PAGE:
• Days after our exhibition opening, we held our Telegraphic Fields (Live Transmissions) event. For this project, Dong Chan Kim and I collaborated in executing a performance which consisted of photographing the audience. Dong Chan would then edit the image to mimic an older era. After, I would manipulate the original image a second time via databending sonification. Once the two edits were made, all three were uploaded to Facebook under the hashtag #SAIC150, and the audience was informed that they had been archived.

    Reinterpreting text through glitch in context of the archive is as much of a mouthful, to say the least, but has actually been a fantastic intersection of many different thoughts. In working with Dong Chan Kim by inviting the audience into the archive, one of the things that stuck with me is making all of this material available. Making it possible for another to recreate this is along the lines of the Copy-It Right ideology that influenced me. When I first uploaded documentation photos, an online friend thanked me for making the exhibition available to those who can’t be there, and it struck me that would be virtually impossible for most people to engage with material unless it was explicitly made public, which is what we did.
    Here is the documentation video for the performance:
  • Here are the images of the audience taken by Dong Chan Kim:
  • Nearly 18 hours after the photographs were posted on social media, the post (and particularly this image) continued to garner likes, shares, and comments. Many of the notifications were actually from people who did not attend the show.
  • This was Dong Chan's interpretation of the image he took. The inital conversation for this project began with his interest in my databending technique to create the reinterpretations of the 1896 course catalog. After explaining the process to him, we decided to incorproate this into our live performance. Inviting the audience and sharing the images online was agreed upon the both of us as a vital aspect of our show.
  • Part of the influence for having the images available online was a conversation I had the day before with a friend on the Internet. Her being in an entirely different state made it impossible for her to attend the event, but seeing the documentation photos of the Telegraphic Fields (First Transmissions) gave her the opportunity to engage with the material. Partnered with the idea to juxtapose contemporary image making with references to more formal processes, we opted to question for whom the archive is made available, and what is being archived.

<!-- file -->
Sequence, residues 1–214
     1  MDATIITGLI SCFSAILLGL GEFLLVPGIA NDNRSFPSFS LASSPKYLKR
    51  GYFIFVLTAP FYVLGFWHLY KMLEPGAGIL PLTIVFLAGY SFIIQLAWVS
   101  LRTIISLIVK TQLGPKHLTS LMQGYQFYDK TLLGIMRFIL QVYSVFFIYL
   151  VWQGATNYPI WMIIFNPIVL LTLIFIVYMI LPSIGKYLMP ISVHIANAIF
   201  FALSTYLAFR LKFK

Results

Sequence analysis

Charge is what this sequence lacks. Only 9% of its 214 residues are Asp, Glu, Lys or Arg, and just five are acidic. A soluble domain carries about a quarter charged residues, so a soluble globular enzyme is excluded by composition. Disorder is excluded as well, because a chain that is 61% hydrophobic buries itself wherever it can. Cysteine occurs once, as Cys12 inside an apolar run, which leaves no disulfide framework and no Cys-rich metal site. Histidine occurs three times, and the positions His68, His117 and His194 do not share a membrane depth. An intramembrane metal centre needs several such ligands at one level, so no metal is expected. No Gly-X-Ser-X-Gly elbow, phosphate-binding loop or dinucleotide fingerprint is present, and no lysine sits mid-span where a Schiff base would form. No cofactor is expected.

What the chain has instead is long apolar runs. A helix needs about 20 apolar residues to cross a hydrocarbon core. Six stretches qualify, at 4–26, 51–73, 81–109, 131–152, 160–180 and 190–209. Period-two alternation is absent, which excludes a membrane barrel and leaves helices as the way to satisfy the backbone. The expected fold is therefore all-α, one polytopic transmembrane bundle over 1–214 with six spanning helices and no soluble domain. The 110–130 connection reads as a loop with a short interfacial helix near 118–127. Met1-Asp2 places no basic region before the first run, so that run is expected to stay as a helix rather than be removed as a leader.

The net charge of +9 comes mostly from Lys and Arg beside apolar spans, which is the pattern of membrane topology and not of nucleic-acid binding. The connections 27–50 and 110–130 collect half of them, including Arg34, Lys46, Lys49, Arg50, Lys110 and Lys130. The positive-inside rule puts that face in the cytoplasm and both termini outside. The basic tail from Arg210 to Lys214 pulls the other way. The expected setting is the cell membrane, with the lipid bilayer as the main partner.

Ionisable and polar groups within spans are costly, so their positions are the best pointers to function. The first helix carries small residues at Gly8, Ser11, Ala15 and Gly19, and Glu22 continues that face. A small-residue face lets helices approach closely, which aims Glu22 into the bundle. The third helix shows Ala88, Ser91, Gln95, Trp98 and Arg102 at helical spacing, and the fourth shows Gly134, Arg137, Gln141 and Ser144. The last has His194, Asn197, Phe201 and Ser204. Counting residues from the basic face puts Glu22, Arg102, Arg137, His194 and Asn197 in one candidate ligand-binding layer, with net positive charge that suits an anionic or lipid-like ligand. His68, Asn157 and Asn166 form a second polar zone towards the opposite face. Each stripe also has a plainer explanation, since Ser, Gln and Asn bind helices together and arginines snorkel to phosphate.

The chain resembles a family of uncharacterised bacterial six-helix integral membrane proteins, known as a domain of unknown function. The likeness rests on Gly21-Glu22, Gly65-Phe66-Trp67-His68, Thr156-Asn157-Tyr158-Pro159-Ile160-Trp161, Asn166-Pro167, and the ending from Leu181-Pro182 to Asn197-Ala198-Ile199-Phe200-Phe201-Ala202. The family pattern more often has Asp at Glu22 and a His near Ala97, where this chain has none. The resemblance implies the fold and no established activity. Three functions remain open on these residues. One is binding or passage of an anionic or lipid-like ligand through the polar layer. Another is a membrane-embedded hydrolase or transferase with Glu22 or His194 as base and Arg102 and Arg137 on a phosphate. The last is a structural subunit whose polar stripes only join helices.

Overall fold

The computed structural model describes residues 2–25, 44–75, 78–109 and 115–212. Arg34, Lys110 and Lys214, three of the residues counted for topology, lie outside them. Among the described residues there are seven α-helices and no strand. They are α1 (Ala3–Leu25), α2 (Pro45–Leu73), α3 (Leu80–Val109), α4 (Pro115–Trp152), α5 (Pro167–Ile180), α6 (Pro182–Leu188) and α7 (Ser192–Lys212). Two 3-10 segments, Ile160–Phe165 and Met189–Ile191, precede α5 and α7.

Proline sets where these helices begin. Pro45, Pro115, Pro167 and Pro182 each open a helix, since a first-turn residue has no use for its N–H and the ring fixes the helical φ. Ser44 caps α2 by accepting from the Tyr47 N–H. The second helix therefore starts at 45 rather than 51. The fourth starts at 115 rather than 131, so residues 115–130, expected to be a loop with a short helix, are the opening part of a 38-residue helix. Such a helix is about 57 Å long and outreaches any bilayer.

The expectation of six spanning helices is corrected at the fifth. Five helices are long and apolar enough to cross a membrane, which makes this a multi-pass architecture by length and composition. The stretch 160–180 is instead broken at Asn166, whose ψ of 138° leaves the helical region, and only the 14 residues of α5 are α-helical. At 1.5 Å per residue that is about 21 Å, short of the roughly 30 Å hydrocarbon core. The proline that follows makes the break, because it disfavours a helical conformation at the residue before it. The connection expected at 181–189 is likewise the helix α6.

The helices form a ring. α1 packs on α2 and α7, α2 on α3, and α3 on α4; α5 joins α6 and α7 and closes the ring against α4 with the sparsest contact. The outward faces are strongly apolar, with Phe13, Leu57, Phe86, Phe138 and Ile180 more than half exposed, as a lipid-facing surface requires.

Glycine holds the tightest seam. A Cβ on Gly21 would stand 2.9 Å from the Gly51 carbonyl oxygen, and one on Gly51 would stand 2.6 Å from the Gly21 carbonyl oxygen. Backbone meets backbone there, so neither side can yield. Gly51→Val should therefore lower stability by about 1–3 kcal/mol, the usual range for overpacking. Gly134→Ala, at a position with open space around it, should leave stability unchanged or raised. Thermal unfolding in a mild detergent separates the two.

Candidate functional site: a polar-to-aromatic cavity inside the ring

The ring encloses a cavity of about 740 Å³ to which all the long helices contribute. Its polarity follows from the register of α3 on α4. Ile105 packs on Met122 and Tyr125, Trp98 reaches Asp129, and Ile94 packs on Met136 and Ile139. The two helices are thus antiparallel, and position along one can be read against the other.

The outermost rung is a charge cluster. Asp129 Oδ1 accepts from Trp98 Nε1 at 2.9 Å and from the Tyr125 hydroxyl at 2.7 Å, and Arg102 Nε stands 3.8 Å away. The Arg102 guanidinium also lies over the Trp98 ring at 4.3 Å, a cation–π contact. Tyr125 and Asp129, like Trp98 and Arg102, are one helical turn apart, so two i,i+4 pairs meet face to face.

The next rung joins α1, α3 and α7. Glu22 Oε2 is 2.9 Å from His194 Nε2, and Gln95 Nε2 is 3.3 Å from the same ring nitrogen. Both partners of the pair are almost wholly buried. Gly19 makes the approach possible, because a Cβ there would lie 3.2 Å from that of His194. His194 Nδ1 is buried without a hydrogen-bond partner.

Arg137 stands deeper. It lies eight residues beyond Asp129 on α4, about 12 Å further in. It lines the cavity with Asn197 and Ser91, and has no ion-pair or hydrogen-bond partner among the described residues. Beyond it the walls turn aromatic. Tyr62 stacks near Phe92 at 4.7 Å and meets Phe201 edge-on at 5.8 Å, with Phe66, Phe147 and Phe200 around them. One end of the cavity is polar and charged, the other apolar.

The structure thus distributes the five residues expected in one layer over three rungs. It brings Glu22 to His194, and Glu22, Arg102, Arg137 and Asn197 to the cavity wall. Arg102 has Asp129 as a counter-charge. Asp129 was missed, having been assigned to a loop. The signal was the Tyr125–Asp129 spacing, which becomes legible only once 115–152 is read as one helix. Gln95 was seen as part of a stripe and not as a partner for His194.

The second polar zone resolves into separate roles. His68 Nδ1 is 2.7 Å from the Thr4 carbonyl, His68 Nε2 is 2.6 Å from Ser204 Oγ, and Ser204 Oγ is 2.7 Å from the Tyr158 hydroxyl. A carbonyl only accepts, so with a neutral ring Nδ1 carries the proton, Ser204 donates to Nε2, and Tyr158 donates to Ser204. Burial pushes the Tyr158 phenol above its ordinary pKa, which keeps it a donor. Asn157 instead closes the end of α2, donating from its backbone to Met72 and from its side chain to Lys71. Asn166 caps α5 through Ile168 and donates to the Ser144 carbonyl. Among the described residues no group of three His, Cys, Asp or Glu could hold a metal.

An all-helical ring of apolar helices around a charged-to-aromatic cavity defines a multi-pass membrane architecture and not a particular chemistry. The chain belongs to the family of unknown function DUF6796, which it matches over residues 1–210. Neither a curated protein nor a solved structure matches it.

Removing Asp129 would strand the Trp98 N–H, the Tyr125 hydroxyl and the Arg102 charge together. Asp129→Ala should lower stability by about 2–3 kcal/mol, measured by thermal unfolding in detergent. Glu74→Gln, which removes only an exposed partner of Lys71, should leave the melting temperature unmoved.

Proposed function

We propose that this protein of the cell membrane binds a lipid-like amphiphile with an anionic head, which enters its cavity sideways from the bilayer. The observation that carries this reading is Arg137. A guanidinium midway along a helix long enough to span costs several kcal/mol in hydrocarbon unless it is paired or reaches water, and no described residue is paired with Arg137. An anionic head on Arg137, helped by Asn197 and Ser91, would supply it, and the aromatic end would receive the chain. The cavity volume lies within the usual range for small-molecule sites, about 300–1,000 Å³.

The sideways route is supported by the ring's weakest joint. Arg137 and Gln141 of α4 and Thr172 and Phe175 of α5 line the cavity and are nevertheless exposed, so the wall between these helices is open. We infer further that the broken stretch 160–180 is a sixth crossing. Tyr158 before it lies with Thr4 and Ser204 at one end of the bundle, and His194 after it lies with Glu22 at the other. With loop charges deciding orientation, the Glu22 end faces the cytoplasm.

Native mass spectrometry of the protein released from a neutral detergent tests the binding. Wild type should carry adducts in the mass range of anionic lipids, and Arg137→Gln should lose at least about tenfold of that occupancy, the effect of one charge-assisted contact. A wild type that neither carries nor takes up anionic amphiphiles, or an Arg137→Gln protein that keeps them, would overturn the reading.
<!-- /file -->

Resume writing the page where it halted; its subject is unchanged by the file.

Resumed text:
• To continue with the idea of sharing the archive, it feels even more appropriate to also include our practice images as well. These are the images we produced before the show in chronological order:
  • The first iteration was taken on an iPhone camera. Dong Chan edited on Photoshop, and then I stacked an edit on his image. We scrapped this idea and decided to formalize our process, as well as keep our edits separate.
  • This was the first instance we used a more formal camera.
  • At this point, opting out of using Photoshop to create Dong Chan's image, we switched to his laptop in favor of the Camerabag because it was easier to install Audacity, which is free, for my image on his computer than to purchase Camerabag for installation on mine.
  • By now, we had a solid idea of what we were doing. Paola would later help frame the image with her iconic pose. At the time, I had no idea what Dong Chan would capture as my back was away from the crowd for the duration of the performance. It was only when the SD card was loaded onto the laptop would I understand what the laughter from the audience was.
  • It should be worth noting that in these iterations, other groups were also performing their projects simultaneous to ours as Nick and Mark worked out an order.
  • This was the final practice just before our live show in the Neiman Center.